The Light Phone débuted in 2017, before smartphone exhaustion became a mainstream ailment. The company’s co-founders, Kaiwei Tang and Joe Hollier, have sold tens of thousands of phones. The Light Phone II, released in 2019, features a monochrome touch screen that allows users to make calls, send text messages, and use a few custom apps: an alarm and timer, a calendar, directions, notes, music and podcast libraries. There are no social-media apps or streaming apps. “The point is to create useful utility that does not have the attention economy built in,” Tang said. Like Dumbwireless, Light Phone has recently been experiencing a surge in demand. From 2022 to 2023, its revenue doubled, and it is on track to double again in 2024, the founders told me. Hollier pointed to Jonathan Haidt’s new book, “The Anxious Generation,” about the adverse effects of smartphones on adolescents. Light Phone is receiving increased inquiries and bulk-order requests from churches, schools, and after-school programs. In September, 2022, the company began a partnership with a private school in Williamstown, Massachusetts, to provide Light Phones to the institution’s staff members and students; smartphones are now prohibited on campus. According to the school, the experiment has had a salutary effect both on student classroom productivity and on campus social life. Tang told me, “We’re talking to twenty to twenty-five schools now.”

To Tang and Hollier’s surprise, some of the most willing Light Phone converts are Gen Z-ers. Some of them are younger than the iPhone. Digital technology has been an inevitable feature of their lives, yet they are also better equipped, or better motivated, than generations past to confront its negative impacts. Apple recently allowed third-party developers to write software that accesses the iPhone’s Screen Time function, meaning that some new programs can now help users limit their screen time by blocking apps. T. J. Driver and Zach Nasgowitz, two engineers in their early twenties, took advantage of this change to create an iPhone accessory called Brick, to fight their own excessive phone usage. Brick, which launched in September of 2023, is a magnetized plastic cube with a corresponding app that allows you to select which features you want to block on your smartphone. Tapping the brick activates or lifts the blockage. Driver and Nasgowitz started with one 3-D printer to produce the accessories; now they have fifteen machines running around the clock and are shipping a few hundred products a day.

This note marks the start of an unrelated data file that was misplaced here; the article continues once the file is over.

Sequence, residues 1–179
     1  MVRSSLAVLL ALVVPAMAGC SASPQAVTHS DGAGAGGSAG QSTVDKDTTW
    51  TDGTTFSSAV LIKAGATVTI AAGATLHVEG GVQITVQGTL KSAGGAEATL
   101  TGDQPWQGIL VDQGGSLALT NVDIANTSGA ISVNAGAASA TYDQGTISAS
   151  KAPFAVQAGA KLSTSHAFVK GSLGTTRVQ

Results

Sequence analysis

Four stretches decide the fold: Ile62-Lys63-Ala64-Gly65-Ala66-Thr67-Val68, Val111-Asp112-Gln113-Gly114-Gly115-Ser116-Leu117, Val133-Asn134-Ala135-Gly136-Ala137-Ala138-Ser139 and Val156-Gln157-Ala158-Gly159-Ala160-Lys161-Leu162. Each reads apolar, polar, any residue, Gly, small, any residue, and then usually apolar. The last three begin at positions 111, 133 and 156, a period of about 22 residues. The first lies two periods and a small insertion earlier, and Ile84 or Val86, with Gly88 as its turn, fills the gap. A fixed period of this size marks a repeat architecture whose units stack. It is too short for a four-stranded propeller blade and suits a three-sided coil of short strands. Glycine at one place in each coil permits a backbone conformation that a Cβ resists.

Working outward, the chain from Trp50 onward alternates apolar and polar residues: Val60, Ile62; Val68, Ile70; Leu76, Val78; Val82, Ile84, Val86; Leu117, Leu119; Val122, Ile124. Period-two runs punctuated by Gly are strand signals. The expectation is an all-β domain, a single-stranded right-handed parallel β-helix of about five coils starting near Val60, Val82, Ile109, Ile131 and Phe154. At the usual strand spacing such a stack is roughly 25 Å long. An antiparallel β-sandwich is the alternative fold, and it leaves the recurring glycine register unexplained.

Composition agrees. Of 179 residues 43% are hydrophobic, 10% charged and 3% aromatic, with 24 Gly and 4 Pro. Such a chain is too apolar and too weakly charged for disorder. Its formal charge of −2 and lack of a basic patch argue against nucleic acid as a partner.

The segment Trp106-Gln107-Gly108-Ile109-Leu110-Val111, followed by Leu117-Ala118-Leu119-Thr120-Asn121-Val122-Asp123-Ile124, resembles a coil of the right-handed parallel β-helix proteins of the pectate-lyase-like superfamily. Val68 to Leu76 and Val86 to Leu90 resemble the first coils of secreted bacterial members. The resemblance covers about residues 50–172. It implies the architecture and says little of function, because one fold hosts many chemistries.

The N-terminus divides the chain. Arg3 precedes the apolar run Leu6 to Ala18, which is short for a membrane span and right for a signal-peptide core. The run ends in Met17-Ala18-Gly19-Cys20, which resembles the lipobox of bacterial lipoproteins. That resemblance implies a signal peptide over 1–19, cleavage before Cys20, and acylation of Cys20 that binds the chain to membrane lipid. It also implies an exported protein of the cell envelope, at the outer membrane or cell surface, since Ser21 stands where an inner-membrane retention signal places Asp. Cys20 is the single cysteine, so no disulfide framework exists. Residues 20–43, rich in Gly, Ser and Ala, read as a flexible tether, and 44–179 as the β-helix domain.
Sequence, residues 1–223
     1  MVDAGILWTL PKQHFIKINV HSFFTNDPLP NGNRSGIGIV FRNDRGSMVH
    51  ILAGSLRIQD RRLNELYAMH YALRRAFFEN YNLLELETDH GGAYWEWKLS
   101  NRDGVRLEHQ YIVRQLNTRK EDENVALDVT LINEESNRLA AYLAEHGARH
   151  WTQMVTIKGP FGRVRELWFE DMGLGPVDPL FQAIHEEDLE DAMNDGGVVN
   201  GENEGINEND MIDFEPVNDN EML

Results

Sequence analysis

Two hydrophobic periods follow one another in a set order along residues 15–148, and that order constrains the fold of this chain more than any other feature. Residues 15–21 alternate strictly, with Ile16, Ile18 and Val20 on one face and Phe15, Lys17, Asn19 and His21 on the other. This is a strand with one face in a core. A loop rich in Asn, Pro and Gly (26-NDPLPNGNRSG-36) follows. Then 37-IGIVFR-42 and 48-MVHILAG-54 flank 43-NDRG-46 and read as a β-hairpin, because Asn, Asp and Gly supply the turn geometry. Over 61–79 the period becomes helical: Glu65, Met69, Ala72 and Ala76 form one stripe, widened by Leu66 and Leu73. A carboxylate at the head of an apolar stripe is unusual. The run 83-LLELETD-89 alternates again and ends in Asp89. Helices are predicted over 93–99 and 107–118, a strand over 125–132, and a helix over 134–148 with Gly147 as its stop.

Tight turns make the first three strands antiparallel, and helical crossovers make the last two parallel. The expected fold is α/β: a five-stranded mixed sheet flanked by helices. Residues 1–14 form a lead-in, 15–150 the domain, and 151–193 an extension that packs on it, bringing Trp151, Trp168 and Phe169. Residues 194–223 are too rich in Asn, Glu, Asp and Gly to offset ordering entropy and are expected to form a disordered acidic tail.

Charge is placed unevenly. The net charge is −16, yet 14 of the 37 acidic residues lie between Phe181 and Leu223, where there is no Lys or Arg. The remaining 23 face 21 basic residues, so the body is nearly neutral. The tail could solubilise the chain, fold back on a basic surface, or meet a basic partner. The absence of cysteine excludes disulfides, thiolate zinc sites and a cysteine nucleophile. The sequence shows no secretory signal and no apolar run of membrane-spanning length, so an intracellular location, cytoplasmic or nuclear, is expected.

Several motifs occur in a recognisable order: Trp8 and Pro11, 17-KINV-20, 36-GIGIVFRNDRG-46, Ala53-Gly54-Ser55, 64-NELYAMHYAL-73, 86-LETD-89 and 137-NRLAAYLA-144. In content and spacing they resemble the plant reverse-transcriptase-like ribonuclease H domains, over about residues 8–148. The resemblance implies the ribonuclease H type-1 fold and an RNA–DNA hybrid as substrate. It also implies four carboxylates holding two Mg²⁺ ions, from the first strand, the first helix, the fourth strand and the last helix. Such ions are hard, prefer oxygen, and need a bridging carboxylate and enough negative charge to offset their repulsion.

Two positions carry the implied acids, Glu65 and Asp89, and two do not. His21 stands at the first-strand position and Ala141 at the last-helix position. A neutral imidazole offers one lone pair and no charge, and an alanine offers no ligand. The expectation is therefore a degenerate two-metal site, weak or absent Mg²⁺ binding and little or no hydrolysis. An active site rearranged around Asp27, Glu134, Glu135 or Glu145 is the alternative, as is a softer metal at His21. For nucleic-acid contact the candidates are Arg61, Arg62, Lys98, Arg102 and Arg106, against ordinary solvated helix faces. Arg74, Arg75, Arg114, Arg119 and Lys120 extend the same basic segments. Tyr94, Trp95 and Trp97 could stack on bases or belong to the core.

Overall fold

There is no one dumbphone solution for everyone. Each digital addict is addicted in her own way. Stults, of Dumbwireless, uses an app called Unpluq, which works similarly to Brick, blocking specific apps from his smartphone while allowing him to maintain the store’s customer-service channels, including e-mail and Shopify. Krigbaum has been a committed Light Phone user for the past two years. She said that she doesn’t miss her smartphone, but that her new device can cause some awkwardness when she meets other young people who ask how to keep in touch. They mean on social media, of course; for the vast swath of Gen Z-ers who don’t use dumbphones, exchanging numbers to text message or, God forbid, call seems archaic. “I’ve been saying, ‘I guess I’ll see you if I see you,’ ” Krigbaum said.

When I want to escape from my iPhone, I pop the SIM card out (which, unfortunately, is not possible on some newer iPhones) and install it in a red Nokia 2780 flip phone—the closing snap of which brings me back instantly to my high-school days, when flip phones were cutting edge. After the surprisingly easy switching process, I take the simple device with me on my daily walks with my dog. If I had my smartphone in hand, I’d be refreshing Instagram or compulsively checking my e-mail while my hound does her business or sniffs tree trunks. With the Nokia, I’ve cut myself off from such meaningless digital stimuli but preserved my ability to answer texts or phone calls if necessary. (I’m too much of a millennial to actually leave the house without any phone.) I find myself looking more at my surroundings, which are particularly enjoyable in springtime, and I am more relaxed when I return from the excursions. When I switch the SIM card back into my iPhone, the device seems momentarily absurd: an enormous screen filled with infinite entertainment and information that follows me wherever I go. Then I open all my usual apps in quick succession—e-mail, Instagram, Slack—to see what I’ve missed. ♦